Saturday

27 August 2016

“When Jesus had come down from the mountain, great crowds followed him; and there was a leper who came to him and knelt before him, saying, ‘Lord, if you choose, you can make me clean.’” (vv. 1-2)

Psalm: Psalm 143


Background

At the end of this period of teaching, Matthew's Gospel records that Jesus came down from the mountain. However, this is more than a statement of geographical or physical fact: in Jesus' time and earlier, mountains were where God's presence was particularly focused, where people went to meet with God. Abraham went up Mount Moriah when he believed he was to sacrifice his son, Isaac (Genesis 22); Moses went up Mount Sinai to receive the tablets of the Law (Exodus 19); Elijah defied the prophets of Baal on Mount Carmel (1 Kings 18), after which he encountered God in the 'still small voice' on Mount Sinai (1 Kings 19). The Psalmist lifted his eyes to the hills, from where he expected to receive help (Psalm 121). Jesus was transfigured on a mountain, possibly Mount Tabor (Matthew 17; Mark 9; Luke 9).

From the mountain-top experience of teaching, Jesus came down to the plain - and was immediately confronted with a critical situation. 'Behold' a person suffering from leprosy came requesting healing. In the Bible narrative, the term 'leprosy' does not necessarily mean Hansen's disease (modern leprosy), it might signify any chronic and apparently intractable skin complaint. There were strict rules and regulations surrounding such complaints, resulting in the ostracising of the sufferer and their being forced to move to isolated places away from human habitation. And should such a sufferer recover, there were equally strict regulations concerning their reception back into the community.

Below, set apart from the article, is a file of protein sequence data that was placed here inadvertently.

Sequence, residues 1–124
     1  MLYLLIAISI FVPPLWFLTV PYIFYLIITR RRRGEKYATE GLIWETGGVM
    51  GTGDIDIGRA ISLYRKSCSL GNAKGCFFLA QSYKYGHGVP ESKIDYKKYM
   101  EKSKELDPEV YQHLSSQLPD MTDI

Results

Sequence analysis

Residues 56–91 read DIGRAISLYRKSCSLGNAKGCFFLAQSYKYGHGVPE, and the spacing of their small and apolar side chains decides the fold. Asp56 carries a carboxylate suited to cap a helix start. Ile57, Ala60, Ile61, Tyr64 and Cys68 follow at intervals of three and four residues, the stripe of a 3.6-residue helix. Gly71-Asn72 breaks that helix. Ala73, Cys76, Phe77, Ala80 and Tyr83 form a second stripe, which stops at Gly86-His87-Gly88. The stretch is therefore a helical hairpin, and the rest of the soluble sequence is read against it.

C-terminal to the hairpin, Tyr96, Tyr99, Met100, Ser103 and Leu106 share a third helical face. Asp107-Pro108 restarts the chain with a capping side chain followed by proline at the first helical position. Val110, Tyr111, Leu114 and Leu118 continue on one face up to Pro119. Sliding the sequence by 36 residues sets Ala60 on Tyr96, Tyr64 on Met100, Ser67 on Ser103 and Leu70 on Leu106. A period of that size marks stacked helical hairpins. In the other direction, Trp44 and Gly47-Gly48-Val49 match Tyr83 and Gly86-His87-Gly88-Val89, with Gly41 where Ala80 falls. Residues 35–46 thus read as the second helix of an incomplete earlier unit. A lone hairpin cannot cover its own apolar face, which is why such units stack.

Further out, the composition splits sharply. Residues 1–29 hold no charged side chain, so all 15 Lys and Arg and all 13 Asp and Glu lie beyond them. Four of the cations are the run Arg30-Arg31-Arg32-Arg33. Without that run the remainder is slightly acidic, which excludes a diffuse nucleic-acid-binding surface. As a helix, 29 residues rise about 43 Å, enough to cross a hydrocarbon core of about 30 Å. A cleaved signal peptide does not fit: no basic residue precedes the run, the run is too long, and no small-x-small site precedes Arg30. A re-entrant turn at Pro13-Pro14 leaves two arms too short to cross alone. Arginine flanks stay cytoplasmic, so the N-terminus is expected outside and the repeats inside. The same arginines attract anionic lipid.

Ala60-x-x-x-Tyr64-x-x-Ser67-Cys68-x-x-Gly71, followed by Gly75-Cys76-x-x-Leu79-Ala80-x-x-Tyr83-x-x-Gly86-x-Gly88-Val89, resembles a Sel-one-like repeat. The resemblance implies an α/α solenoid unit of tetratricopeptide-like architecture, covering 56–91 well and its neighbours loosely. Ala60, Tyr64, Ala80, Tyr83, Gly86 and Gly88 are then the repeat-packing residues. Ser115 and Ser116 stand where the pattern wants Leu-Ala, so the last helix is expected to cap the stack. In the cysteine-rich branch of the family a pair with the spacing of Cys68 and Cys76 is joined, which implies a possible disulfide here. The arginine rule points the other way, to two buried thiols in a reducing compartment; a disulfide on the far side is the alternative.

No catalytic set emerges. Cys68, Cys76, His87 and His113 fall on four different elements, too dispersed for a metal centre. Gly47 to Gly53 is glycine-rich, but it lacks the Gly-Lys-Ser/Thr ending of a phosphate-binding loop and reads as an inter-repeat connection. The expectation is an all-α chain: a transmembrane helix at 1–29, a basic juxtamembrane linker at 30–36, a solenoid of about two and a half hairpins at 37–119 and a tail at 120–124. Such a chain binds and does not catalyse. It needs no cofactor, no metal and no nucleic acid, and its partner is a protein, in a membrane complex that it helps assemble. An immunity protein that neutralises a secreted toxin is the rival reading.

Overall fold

In recording this incident, Matthew's Gospel reinforced the principle that not only is the word of God to be heard, it is to be enacted. This is the first of a series of healing stories - of a centurion's servant (Matthew 8:5-13), of Peter's mother-in-law (Matthew 8:14-15), of two demoniacs (Matthew 8:28-34), of a paralytic (Matthew 9:2-8). The gospel, the good news, is to be worked out as well as proclaimed. There is no one who cannot be touched by the hand of Jesus, by my hand, by your hand…


To Ponder

  • Reflect on an occasion when you have had a profound spiritual experience, and have then immediately had to deal with an 'earthly' problem. How did you feel?
  • Think about your 'mountains' - the places where you feel nearest to God. Do you get to them as often as you would like? How might you improve this? Or how might you find new mountains that are easier to access?


Bible notes author: Gillian Kingston

  • Sign up for e-newslettersKeep in touch with what interests you